Jose Saramago’s novel Blindness is about… Saramago challenges the inherent morality of human nature by creating characters that ignore or abuse the advice given by sayings. Saramago illustrates how sayings can be used as a form of comfort in times that are confusing. When one does not follow the advice of others, he criticizes their use. He suggests that people should trust their own reasoning and not cling to a false morality. After the blindness epidemic hits, the characters find themselves in a new setting where the old proverbs and morals don’t apply anymore. The comfort of their fake ethics and logic is then lost. They learn to think critically, reconstruct reason using their original sayings, which gives them order, rationality and finally their sight. Saramago plunges the world into blindness, and he exposes the absurdity in characters’ reliance upon old proverbs. He demonstrates that people rely on the advice they hear to feel better, rather than using logic to determine their moral conclusions. Saramago differentiates between words and guidance to provide comfort, but not morality.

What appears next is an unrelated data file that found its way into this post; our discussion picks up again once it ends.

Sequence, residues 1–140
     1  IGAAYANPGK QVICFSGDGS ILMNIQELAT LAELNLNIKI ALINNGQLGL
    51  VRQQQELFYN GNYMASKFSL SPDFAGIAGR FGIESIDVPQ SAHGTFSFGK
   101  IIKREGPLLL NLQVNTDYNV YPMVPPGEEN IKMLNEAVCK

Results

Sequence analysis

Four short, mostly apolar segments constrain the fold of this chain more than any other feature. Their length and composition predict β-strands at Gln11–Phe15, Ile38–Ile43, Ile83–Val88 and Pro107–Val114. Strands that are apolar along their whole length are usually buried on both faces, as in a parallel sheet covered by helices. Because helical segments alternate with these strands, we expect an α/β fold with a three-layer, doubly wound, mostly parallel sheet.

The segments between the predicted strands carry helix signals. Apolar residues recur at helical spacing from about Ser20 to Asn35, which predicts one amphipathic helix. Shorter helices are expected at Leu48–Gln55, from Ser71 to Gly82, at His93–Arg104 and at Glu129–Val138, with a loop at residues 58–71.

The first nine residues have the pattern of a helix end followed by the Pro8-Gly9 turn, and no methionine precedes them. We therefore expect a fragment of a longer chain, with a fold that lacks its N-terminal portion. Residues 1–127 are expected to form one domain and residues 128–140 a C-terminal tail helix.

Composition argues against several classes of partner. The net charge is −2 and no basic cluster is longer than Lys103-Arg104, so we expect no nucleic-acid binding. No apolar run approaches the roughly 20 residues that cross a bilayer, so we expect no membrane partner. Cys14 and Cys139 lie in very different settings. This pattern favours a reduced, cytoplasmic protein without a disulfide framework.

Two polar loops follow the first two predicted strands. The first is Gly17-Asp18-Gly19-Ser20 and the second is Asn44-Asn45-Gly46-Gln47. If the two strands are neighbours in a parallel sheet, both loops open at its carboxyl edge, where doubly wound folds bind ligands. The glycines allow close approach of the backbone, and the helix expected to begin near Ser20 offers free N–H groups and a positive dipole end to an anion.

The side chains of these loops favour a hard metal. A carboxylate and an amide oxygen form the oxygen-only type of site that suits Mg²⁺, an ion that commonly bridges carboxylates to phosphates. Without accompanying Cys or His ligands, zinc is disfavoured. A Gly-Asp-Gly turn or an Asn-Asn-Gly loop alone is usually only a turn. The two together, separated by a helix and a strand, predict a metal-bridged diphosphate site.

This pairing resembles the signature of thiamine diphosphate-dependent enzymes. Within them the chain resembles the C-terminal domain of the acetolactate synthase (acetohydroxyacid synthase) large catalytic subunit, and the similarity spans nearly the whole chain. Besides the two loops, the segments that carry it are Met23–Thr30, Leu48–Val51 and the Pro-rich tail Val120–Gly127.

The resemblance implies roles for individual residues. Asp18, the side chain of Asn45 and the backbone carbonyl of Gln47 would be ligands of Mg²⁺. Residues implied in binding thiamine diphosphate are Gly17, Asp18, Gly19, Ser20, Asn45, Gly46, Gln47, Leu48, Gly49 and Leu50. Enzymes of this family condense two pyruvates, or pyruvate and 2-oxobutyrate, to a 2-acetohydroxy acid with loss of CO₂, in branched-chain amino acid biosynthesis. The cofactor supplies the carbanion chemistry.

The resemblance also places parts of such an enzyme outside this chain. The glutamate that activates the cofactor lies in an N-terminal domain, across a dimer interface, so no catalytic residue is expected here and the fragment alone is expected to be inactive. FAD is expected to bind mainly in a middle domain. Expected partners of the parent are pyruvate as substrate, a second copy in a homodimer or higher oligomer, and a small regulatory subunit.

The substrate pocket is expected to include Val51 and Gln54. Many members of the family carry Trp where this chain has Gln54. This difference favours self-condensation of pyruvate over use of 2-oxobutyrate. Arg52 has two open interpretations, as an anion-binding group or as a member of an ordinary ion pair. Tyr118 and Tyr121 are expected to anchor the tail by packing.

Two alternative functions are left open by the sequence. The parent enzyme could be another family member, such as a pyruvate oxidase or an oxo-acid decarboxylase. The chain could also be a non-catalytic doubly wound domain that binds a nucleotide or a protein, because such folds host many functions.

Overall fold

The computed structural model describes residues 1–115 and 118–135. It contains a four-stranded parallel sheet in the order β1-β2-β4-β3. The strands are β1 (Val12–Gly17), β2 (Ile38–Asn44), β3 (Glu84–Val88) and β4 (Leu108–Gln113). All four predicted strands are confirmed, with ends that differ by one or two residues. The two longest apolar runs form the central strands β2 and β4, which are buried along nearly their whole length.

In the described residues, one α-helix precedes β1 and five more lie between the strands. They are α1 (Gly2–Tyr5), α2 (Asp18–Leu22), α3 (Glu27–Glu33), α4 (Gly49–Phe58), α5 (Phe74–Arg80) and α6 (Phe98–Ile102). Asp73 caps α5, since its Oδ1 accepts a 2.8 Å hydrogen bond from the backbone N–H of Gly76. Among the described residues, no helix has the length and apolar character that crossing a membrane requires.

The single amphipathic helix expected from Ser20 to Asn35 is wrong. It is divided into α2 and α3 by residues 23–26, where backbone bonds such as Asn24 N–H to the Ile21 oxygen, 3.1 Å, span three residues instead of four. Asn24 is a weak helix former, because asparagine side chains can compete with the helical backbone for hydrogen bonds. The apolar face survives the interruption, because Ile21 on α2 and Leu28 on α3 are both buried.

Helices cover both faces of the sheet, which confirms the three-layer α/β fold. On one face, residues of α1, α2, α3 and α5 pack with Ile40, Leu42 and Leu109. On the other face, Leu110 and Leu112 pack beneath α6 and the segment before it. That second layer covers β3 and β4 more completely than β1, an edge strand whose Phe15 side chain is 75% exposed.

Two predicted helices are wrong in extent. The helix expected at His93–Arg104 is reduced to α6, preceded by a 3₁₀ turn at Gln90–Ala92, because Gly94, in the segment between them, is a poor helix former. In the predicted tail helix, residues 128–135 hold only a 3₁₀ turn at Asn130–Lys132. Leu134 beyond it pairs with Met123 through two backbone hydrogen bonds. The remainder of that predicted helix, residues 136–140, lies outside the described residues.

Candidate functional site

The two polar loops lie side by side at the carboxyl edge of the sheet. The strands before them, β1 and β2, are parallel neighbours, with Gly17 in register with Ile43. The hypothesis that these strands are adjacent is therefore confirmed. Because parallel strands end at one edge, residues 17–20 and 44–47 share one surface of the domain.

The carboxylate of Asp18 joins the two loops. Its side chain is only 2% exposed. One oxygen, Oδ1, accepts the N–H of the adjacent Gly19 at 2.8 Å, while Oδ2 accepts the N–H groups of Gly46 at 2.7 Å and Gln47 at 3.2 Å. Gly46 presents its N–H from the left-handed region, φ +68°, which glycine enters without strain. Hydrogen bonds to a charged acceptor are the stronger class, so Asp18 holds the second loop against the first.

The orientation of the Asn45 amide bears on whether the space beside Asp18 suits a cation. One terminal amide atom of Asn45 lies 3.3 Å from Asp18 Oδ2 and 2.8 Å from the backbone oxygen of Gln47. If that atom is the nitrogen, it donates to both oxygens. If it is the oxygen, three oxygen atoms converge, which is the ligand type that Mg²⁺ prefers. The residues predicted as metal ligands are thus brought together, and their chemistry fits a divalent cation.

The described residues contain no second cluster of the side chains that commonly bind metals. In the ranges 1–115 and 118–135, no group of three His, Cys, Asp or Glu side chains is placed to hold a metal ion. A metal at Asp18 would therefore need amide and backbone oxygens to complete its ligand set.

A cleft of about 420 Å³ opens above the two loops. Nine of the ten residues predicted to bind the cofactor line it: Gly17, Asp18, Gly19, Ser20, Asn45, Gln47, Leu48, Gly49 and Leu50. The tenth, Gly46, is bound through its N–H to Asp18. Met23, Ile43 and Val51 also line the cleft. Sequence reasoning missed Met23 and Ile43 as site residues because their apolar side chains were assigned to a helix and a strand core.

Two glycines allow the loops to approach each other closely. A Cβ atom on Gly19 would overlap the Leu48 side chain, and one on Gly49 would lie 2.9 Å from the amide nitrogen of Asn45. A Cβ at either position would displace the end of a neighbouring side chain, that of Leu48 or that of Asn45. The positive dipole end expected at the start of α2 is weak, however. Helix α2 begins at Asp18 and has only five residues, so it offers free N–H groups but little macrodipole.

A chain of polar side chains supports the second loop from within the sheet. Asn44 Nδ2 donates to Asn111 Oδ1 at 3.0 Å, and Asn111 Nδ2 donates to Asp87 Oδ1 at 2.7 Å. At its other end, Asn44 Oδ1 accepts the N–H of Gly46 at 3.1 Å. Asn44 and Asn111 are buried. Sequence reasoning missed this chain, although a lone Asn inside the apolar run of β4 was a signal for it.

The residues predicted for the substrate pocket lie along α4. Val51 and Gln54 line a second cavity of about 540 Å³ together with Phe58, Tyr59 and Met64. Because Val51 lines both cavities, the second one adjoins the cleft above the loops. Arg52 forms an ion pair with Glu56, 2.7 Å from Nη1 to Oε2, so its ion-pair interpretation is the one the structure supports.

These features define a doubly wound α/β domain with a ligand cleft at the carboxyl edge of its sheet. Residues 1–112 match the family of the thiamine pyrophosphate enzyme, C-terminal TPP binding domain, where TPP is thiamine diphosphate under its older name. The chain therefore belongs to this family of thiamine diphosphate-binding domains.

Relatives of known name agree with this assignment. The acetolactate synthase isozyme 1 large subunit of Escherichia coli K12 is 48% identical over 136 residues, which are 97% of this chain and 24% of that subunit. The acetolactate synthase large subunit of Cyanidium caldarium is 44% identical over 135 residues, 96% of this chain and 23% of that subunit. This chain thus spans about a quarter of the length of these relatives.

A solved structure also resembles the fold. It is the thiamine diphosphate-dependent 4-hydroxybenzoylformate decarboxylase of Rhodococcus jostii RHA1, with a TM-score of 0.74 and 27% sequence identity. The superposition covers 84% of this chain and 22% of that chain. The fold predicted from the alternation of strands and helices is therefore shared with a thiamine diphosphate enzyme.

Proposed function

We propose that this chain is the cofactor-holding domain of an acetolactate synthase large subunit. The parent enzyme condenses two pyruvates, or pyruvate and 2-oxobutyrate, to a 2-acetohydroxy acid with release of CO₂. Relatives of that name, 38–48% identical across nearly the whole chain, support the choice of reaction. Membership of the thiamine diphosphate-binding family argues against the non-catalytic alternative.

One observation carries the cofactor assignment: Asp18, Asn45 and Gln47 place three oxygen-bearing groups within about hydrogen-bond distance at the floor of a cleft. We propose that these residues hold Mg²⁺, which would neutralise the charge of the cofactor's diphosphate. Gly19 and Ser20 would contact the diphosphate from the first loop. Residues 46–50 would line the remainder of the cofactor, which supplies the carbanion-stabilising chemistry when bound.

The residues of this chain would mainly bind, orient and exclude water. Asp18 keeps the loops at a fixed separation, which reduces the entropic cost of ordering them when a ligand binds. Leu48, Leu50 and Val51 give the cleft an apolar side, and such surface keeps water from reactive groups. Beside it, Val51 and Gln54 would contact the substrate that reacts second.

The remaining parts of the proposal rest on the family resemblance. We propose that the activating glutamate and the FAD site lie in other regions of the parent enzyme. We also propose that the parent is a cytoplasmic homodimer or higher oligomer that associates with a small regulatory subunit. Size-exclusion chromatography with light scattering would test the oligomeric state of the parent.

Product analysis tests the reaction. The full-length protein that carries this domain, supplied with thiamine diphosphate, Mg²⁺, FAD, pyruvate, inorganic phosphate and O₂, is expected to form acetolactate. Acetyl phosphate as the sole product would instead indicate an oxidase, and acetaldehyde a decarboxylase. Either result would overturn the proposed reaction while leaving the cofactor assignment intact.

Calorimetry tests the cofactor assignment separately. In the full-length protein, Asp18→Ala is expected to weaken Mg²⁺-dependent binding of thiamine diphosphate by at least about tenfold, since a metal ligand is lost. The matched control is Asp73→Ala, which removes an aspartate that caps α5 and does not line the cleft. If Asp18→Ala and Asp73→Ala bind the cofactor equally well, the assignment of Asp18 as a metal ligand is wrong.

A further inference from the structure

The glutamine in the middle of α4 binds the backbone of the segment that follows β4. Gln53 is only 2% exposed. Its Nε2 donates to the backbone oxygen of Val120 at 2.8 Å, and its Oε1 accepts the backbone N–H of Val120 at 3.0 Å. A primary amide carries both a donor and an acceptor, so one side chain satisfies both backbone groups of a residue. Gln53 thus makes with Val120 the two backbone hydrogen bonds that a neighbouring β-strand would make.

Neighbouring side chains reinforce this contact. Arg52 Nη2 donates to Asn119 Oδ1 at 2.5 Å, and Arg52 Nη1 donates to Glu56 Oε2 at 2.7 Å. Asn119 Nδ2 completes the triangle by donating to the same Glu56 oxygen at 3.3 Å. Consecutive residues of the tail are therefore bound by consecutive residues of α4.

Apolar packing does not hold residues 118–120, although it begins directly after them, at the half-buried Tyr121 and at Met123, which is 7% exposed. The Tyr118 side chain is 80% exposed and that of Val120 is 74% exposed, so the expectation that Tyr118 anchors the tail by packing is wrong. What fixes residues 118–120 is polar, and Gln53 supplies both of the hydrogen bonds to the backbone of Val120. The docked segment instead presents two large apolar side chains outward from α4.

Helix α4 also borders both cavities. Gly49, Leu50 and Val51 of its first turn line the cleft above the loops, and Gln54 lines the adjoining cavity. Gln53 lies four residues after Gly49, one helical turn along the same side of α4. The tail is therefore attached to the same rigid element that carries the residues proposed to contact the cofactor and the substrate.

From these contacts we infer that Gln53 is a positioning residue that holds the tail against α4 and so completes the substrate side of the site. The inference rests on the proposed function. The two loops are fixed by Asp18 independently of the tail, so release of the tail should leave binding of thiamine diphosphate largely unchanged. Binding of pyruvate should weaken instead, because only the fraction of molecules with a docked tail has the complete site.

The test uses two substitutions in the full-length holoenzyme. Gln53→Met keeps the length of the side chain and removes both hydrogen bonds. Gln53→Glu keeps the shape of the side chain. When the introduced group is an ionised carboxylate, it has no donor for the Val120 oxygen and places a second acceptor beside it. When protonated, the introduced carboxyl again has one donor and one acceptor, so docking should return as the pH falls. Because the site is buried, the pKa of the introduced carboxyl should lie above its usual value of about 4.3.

Saramago presents characters who use proverbs for moral comfort, but act imprudently. The car thief offers the help of a blind man to take his car home. He says: “Now, don’t think twice, it’s your turn today, tomorrow it’ll be mine, we never really know what lies in store 3). The car thief initially stated that he was trying to help the blind person at this moment, but he later took his car. This suggests that he felt a sense of righteousness and not necessarily having morality. “Today is your turn, tomorrow will become mine” often implies that one will do whatever it takes to benefit others in the future. Saramago shows the car thief that he does not follow this standard. Instead, he ignores its true meaning and steals the car. Saramago illustrates that the car thief does not have to be blind in order to steal the car. It doesn’t matter what circumstances you have, something that was once considered a disadvantage may turn out to be a benefit. A blind man would normally be considered disabled. But in a blind world, it is all he can do. Their point would not be relevant because everyone is blind. The speaker isn’t thinking rationally about their situation. He simply reflects on the past and adds a proverbial comment. People are struggling to live in blindness. They rely on their past experiences to guide them. This proverb is contradicted when someone says “If the one who gives the best part fails to get it, he or she’s either fool or dullard” (99). Everyone is now looking for information to help them, even if that information is not really helpful. The speaker replies directly to the speaker in the quote, intending comfort by placing the other down. Although the speaker of the quote is not the one actually sharing the food, he believes that everyone should share equally. Therefore, the insult of “a fool or dullard” is directed at him. This accusation is not a positive one. Yet, the attacker feels the need insult his temporary judgments and rationality by calling him “fool” as well as “dullard,” implying a boring personality and low intelligence. In this situation, the selfish desire to take advantage of others highlights the lacklustre logic and moral compass. The contradiction between these two sayings shows that proverbs are ineffective. Saramago demonstrates the importance of ethical and logical thinking by pointing out the ineffective insults that are used and the contradictory proverbs.